Bank runs were featured prominently in the news following the failures of Silicon Valley Bank (SVB) and Signature Bank, which constituted the second and third largest bank failures of all time. News coverage regarding the troubled banks prior to their being seized by regulators led to panic among customers, many of whom rushed to withdraw their money en masse.

Here we’ll go over the definition of a bank run and give examples of historic bank runs, including one famous fictional bank run.

What is a bank run?

A bank run is when a large number of a bank’s customers hurry to withdraw their deposits simultaneously because they believe the bank may fail. A bank run may happen if bank officials state the institution is having financial difficulties or if such information is reported by news outlets or on social media.

A modern-day bank run can potentially be more harmful to a bank than in past generations since the moving of money is quicker and easier in today’s digital age. In addition to visiting a bank branch to withdraw money, today’s customers can transfer their money to another bank in seconds on the bank’s website or through its mobile app.

What causes a bank run?

While bank runs are often fueled by panic rather than the bank being insolvent, people withdrawing their funds en masse could contribute to the bank’s liabilities becoming greater than its assets — which could result in collapse.

The Federal Deposit Insurance Corporation (FDIC) is a government agency created in 1933 to help reduce the likelihood of bank runs. Its purpose is to protect customers when banks fail and are forced to close their doors. The agency guarantees money is safe by insuring up to $250,000 per depositor, per FDIC-insured bank, per ownership category.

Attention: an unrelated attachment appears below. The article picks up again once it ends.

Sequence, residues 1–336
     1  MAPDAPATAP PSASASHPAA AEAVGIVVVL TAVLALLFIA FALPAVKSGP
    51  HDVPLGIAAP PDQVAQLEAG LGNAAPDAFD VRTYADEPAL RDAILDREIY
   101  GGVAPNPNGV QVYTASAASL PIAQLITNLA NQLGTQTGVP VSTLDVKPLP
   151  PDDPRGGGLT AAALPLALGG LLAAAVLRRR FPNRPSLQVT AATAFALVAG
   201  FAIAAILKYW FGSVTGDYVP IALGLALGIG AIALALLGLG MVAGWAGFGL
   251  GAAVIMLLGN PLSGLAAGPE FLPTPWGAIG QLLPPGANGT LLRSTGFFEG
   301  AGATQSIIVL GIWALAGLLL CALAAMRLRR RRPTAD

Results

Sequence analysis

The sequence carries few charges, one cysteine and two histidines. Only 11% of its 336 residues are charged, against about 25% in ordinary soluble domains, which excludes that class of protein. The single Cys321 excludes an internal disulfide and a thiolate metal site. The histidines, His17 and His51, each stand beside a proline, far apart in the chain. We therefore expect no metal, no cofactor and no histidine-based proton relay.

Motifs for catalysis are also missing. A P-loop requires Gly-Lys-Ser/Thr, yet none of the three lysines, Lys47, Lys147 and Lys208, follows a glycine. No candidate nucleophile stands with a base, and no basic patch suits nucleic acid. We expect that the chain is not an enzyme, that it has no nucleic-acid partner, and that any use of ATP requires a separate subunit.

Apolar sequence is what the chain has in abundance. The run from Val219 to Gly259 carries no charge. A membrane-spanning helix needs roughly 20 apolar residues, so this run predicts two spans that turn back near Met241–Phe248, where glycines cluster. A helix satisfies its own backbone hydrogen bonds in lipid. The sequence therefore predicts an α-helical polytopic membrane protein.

While no depositor has lost a penny of FDIC-insured funds since the agency was established, bank runs still happen from time to time.

Notable bank runs

Silicon Valley Bank

Silicon Valley Bank experienced a run on deposits on March 9, 2023, when stock prices plummeted and customers withdrew $42 million from the bank, leaving it with a negative balance of $958 million. The rush to withdraw funds occurred after CEO Greg Becker announced the bank had lost nearly $2 billion in assets.

The Santa Clara, California-based bank was closed by state regulators the following day, marking the second largest bank failure in U.S. history. Although most of the bank’s deposits (94 percent) were uninsured, the FDIC covered all of the deposits. A temporary bridge bank was created, much of which was then acquired by First Citizens Bank on March 27.

Signature Bank

In March 2023, New York-based Signature Bank saw a run on deposits when customers withdrew billions in funds. What’s more, the bank’s stock also experienced a sharp decrease in value. These events were spurred in part by panic over the recent collapse of SVB. Signature was shuttered by regulators on Sunday, March 12, just two days after SVB’s seizure.

The majority of deposits held at Signature Bank were from law firms, accounting firms and manufacturers as well as healthcare and real estate companies. Nearly nine-tenths of the bank’s roughly $88 billion in deposits were uninsured, The bank was one of few to accept deposits in the form of cryptocurrency, which has been in a tailspin fueled by the collapse of crypto exchange FTX in November 2022.